Now looking back on those years, I was pretty naïve in my approach to understanding their world. However, me being the person that I am, my only aim was to love them, understand them, and protect them from harm, as I did with most people in my life. Even as a Christian, I never quite looked upon this community for anything else other than their humanity. Which brings me to my current state of being confused and disconcerted. While the emergence of the negative relationship between LGBTQQIAPP+  and Christianity is prominent today, the Church’s identity has always been rooted in the Scriptures. Therefore based on the Church’s biblical conviction, the rejection of a person’s lifestyle should not be viewed as a rejection of the person.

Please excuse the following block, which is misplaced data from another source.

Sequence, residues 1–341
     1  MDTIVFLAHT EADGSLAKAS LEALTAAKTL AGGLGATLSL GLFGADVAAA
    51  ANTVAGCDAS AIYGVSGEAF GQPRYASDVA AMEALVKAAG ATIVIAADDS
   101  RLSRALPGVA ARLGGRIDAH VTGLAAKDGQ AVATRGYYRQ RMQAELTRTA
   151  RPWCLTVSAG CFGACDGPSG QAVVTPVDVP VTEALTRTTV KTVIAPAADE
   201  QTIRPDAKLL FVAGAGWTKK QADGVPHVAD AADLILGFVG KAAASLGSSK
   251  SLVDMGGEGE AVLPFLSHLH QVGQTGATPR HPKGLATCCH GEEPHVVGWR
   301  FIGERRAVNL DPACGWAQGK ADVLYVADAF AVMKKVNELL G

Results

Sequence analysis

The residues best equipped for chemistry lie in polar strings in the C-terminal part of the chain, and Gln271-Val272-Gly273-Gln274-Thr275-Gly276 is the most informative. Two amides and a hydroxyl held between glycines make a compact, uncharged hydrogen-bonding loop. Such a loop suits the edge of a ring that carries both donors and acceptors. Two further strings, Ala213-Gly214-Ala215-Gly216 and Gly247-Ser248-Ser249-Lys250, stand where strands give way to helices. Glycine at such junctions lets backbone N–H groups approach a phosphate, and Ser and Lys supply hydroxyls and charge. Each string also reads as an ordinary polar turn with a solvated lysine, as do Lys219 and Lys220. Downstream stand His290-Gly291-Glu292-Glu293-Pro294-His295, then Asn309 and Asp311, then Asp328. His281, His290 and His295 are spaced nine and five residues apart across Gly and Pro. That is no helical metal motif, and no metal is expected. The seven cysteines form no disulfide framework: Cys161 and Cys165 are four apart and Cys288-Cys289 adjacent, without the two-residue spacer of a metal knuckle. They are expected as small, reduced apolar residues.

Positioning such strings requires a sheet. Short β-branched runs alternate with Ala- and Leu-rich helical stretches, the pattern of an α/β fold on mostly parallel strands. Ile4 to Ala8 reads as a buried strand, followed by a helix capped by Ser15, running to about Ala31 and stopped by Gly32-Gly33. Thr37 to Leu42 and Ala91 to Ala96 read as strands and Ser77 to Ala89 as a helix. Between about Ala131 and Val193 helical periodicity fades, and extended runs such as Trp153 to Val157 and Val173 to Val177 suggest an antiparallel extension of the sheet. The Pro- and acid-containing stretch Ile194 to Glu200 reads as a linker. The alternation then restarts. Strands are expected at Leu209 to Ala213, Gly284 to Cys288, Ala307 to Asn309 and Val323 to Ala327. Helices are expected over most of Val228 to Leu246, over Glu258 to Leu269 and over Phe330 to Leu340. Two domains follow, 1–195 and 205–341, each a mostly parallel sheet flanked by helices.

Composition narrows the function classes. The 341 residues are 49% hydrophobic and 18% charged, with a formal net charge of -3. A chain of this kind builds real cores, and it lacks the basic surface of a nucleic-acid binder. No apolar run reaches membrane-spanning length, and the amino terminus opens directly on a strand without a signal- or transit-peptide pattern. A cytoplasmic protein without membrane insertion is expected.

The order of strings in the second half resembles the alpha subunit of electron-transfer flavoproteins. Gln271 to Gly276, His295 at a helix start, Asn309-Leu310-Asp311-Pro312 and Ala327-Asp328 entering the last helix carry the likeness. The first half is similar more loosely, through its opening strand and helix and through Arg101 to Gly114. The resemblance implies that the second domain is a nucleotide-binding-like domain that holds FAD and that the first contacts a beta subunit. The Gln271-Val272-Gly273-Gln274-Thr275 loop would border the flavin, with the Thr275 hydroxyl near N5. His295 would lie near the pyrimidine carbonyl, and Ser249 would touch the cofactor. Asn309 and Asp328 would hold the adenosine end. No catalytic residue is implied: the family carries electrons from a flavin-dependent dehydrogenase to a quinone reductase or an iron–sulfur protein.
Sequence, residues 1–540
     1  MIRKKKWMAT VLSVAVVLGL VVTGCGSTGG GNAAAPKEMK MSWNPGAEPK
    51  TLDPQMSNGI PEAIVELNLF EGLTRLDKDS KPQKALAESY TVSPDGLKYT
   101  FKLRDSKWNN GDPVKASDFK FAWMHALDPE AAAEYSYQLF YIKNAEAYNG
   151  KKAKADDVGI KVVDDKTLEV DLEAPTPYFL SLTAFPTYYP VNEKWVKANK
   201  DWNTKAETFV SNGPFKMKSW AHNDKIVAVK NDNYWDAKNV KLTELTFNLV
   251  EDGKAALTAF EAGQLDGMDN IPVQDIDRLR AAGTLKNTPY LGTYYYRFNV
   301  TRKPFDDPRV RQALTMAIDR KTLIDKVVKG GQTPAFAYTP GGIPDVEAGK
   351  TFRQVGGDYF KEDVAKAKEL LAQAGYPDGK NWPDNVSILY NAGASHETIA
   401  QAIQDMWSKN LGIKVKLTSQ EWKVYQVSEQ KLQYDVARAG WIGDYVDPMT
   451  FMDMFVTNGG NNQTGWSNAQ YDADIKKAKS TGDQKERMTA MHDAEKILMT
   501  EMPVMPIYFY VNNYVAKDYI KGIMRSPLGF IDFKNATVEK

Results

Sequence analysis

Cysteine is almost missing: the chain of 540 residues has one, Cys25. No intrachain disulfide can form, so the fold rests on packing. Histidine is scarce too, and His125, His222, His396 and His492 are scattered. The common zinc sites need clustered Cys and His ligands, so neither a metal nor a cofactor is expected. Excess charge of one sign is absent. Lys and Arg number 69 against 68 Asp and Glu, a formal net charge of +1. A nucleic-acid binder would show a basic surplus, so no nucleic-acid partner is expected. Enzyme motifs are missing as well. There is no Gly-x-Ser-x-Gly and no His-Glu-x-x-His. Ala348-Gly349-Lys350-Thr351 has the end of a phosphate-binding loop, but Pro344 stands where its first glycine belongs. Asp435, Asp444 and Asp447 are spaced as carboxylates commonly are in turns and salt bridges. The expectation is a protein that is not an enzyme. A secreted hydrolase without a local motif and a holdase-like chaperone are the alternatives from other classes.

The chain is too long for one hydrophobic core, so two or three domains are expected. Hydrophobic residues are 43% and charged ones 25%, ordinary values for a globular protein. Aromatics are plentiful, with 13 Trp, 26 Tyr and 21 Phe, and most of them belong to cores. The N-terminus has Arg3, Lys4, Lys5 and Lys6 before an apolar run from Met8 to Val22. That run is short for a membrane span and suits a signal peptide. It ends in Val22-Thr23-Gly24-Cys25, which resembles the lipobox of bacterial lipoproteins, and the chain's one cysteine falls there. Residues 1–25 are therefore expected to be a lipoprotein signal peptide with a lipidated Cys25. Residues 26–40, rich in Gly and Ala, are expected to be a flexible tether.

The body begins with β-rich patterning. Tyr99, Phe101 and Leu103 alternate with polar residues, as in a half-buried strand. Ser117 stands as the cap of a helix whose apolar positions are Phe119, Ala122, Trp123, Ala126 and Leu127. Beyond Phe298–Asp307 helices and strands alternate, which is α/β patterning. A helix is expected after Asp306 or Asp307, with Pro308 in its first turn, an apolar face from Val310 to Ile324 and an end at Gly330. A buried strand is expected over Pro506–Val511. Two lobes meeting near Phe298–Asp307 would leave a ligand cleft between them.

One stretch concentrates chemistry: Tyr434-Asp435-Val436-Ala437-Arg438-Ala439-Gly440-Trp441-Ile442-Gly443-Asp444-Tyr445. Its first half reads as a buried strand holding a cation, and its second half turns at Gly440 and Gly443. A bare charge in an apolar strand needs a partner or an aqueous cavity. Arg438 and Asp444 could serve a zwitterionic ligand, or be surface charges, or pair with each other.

Our culture has accepted two huge lies. The first is that if you disagree with someone’s lifestyle, you must fear or hate them. The second is that to love someone means you agree with everything they believe or do. Both are nonsense. You don’t have to compromise convictions to be compassionate. [3]

Why Is It So Loud Out Here?

Not quite sure how we got to this point, but both sides of the spectrum are at odds, the Christian community, and the LGBTQQIAPP+ community. Their signs are raised high, and there is a screaming match taking place across the room. No one seems to understand what the other is saying. Sometimes aliases are found, and some cross the battles line, however somewhere in the middle lies the reality that the future of our children is forever altered.